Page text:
11.0709 new on WWW

Humanist Discussion Group (humanist@kcl.ac.uk)
Mon, 27 Apr 1998 22:15:03 +0100 (BST)

Humanist Discussion Group, Vol. 11, No. 709.
Centre for Computing in the Humanities, King's College London

[1] From: "David L. Gants" <dgants@english.uga.edu> (37)
Subject: Hypertext resources

[2] From: Matt Kirschenbaum (75)
Subject: Blake Archive's April Update

Date: Fri, 24 Apr 1998 14:28:22 -0400 (EDT)
From: "David L. Gants" <dgants@english.uga.edu>
Subject: Hypertext resources

>> From: "Alan B. Howard" <abh9h@unix.mail.virginia.edu>

Students and faculty in the American Studies Program at the University of
Virginia have been working for some time to provide a variety of internet
resources for the AS community. These now have enough richness and
diversity that they may be of interest to subscribers to this list.

Most immediately useful are a series of core-texts in American literature
and history, hypertexts, hypertexts with search utilities, hypertexts with
critical apparatus, and fully developed hypertexts that include large
arrays of projects that place the central text in cultural con-texts.

Texts now available include: The Education of Henry Adams, Wieland, The
Red Badge of Courage, Letters from an American Farmer, Dicken's American
Notes, Emerson's Representative Men, Sister Carrie, Uncle Remus, Incidents
in the life of a Slave Girl, Studies in Classic American Literature, The
Journals of Lewis and Clark (abridged), Melville's The Confidence Man, The
Oregon Trail, Uncle Tom's Cabin, Walden, Turner's The Frontier in American
History, Twain's Connecticut Yankee, Huckleberry Finn, Innocents Abroad,
and Tom Sawyer, and Veblen's Theory of the Leisure Class. In addition,
the texts of Henry Nash Smith's Virgin Land: The West as Symbol and Myth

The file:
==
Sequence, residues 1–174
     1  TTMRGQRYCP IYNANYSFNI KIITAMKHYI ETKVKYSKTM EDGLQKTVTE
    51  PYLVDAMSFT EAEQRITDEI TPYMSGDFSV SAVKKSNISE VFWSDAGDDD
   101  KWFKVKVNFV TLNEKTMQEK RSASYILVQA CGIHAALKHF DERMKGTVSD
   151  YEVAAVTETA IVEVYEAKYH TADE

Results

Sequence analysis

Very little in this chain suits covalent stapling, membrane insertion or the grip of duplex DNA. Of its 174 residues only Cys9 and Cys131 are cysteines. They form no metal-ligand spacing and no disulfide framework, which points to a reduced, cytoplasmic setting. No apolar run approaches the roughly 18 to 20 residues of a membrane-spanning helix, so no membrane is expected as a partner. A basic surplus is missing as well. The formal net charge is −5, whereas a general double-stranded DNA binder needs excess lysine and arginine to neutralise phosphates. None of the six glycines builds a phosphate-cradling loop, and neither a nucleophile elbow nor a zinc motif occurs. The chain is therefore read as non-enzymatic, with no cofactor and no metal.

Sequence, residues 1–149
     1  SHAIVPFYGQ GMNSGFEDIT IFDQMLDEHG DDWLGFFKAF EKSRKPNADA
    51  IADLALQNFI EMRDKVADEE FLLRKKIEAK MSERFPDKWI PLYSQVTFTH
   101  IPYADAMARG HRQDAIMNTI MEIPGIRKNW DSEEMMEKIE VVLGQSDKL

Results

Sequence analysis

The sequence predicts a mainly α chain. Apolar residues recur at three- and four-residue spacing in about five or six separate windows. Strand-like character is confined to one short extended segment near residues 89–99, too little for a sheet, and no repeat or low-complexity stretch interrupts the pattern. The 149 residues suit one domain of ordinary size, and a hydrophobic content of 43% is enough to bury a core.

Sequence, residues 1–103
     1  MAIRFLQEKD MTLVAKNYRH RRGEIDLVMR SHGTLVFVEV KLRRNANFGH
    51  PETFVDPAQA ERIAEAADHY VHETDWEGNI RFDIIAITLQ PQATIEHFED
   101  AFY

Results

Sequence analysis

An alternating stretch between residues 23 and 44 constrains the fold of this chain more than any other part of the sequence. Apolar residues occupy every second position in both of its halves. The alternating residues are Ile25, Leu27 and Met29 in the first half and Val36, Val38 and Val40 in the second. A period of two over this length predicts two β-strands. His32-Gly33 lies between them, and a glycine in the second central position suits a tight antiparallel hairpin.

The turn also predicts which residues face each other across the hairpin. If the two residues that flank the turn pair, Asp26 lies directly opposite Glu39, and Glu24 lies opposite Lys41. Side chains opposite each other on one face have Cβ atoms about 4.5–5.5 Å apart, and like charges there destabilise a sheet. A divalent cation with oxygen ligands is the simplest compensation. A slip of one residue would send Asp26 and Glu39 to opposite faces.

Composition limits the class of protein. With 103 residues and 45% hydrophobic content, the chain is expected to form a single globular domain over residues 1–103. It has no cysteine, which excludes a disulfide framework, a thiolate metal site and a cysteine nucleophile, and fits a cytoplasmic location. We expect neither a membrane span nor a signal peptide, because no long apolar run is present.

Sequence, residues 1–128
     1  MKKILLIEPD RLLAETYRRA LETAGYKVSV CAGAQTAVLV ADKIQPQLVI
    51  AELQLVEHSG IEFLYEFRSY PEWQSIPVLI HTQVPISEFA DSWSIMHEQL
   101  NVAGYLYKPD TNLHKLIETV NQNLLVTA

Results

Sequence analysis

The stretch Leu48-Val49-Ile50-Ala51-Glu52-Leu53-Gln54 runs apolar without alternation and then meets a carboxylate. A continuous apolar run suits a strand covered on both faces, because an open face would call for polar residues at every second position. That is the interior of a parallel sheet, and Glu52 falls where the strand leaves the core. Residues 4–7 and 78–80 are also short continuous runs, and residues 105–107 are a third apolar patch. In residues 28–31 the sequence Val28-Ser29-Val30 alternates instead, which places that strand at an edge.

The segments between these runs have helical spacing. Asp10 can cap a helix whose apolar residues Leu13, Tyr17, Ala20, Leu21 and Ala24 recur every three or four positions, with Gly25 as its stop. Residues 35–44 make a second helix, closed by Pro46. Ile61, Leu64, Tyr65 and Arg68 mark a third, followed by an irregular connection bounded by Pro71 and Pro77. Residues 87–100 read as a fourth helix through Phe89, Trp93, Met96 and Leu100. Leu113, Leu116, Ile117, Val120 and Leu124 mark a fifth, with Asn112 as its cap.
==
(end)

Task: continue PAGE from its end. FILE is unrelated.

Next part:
and of Alexis deTocqueville's Democracy in America are presented inside of
extensive hyper con-texts.


In addition, we have an on-going project on the National Capitol
Building where we are trying to read and re-present that structure as a
hypertext, a quasi-sacred text of national identity.


We also maintain the American Studies Yellow Pages, a series of subject
specific guides for American Studies and related fields. These current,
selective, and descriptive pointers to internet resources can be found at:


Finally, those subscribers who are interested in the ways in which this
site and these assets are integrated into the teaching and learning
process here at Virginia should go to:


Thank you.

Alan B. Howard
The University of Virginia

Date: Sat, 25 Apr 1998 12:38:15 -0400 (EDT)
From: Matt Kirschenbaum <mgk3k@jefferson.village.virginia.edu>
Subject: Blake Archive's April Update

The latest news of work completed here at the Blake Archive. Apologies for
cross-posting. Please forward as appropriate. Matt K.


The editors of the William Blake Archive <http://www.iath.virginia.edu/blake> are pleased to announce the publication of seven new electronic editions of Blake's illuminated books. They are:

_The [First] Book of Urizen_ copy G _The Book of Los_ copy A _The Book of Ahania_ copy A _The Song of Los_ copy B _America, a Prophecy_ copy A _Europe, a Prophecy_ copy E _Visions of the Daughters of Albion_ copy F